In the early medieval period nomadic herders travelled across huge territories freely however access to land over time, while remaining communal became more formalized and restricted.  Genghis Khan (1162?-1227) granted land to his allies to cement his political and military power.  This allowed a Mongolian nobility to control communal pastureland and they were able to tax herders.  Thus as in England, an essentially feudal system was introduced, with a monarch, granting land to an elite who were rewarded for their loyalty and extracted wealth from the wider population.  The reintroduction of Buddhism in 1586 was another important development.  As in England the church was a major owner of land and an important political and economic power.  The formalization of land rights under the Buddhist authority and the system of patronage established by Genghis Khan accelerated with the Manchu Qing dynasty occupation of Mongolia in 1691.  The occupiers drew up a legal code and rigidly divided up the land, eventually creating a hundred military territories known as khoshuun.  Herders who had previously moved from one territory to another had to stick to the territory within which they were born, showing allegiance to the ruler of such territory  (Fernandez-Gimenez 2006: 31).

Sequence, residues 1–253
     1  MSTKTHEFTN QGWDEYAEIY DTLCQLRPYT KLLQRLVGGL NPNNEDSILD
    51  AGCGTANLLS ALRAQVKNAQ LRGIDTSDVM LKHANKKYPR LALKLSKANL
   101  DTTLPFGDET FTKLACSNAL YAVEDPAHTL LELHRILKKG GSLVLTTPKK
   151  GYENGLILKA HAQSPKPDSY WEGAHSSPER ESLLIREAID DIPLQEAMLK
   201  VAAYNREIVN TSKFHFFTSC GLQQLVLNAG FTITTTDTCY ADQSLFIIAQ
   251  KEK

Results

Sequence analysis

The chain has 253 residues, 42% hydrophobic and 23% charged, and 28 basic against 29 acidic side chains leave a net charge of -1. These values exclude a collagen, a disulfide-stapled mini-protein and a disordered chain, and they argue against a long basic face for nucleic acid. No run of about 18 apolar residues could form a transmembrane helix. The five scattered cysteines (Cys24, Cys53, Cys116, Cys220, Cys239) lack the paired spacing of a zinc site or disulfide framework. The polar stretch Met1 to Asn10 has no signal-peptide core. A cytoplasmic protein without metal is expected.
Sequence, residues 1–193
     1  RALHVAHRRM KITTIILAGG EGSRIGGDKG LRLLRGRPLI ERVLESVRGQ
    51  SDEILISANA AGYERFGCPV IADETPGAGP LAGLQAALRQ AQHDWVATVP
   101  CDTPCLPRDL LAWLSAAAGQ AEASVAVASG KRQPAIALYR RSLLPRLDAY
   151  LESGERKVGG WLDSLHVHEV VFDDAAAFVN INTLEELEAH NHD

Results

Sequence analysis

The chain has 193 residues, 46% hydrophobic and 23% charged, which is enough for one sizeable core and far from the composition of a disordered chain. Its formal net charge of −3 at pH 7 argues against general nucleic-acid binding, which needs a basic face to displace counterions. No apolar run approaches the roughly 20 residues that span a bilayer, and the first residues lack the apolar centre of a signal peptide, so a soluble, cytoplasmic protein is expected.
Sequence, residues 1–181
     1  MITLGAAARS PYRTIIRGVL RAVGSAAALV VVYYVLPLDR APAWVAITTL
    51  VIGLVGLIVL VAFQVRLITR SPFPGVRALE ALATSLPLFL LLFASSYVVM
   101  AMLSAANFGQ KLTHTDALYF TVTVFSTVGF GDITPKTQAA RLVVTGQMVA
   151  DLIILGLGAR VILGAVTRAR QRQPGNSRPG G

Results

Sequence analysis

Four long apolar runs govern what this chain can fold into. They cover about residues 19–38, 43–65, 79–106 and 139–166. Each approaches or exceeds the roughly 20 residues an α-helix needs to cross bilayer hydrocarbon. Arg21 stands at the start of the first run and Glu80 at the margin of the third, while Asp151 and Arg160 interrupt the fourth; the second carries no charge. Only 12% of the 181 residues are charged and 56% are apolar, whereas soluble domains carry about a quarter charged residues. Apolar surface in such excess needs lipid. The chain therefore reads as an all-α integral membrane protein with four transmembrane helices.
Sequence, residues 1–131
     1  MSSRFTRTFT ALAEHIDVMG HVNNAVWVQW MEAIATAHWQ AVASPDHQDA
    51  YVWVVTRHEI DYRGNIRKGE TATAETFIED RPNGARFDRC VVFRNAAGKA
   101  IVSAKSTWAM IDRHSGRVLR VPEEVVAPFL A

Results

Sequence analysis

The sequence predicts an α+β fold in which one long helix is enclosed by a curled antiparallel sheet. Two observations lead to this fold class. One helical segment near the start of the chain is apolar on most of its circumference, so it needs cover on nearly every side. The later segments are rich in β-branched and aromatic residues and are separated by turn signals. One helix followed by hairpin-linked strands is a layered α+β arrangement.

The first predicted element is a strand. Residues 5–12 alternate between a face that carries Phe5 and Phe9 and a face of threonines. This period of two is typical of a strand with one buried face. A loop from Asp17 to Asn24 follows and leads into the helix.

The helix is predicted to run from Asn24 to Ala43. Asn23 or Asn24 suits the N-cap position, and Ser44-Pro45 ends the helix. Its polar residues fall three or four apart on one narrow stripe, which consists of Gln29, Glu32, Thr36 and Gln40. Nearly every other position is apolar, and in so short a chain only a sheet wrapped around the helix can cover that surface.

After Manchu rule ended their system of formal property rights continued however transhumance with herders moving their animals seasonally was maintained.  Yet herders had to remain in the same khoshuun rather than ranging where they liked throughout Mongolian territory.  Gradually some privately control campsites emerged but communal and nomadic ways of life continued.  The creation of a 20th century Mongolian Republic, at least briefly, led to a return to more flexible and locally controlled property ownership as in 1925 feudal and religious structures were abolished.  The 20th century saw the introduction of soviet style collectivism that peaked in 1959 with 99% of herders cemented into this system of state central control of agriculture.  Once again the freedom of herders was restricted by a governing power.  With the collapse of the Soviet Union, a market orientated Mongolian Republic emerged which saw attempts to privatize land holdings.  In the 21st century a greater understanding of the benefits of communal herding may be re-emerging.  Yet with economic and political change in Mongolia communing has diminished.  While commons still exist and nomadic herding continues the territory used by herders has shrank, their control over their animals has been reduced, while informal regulation has been increasingly replaced by formal legal control (Fernandez-Gimenez 2006: 33).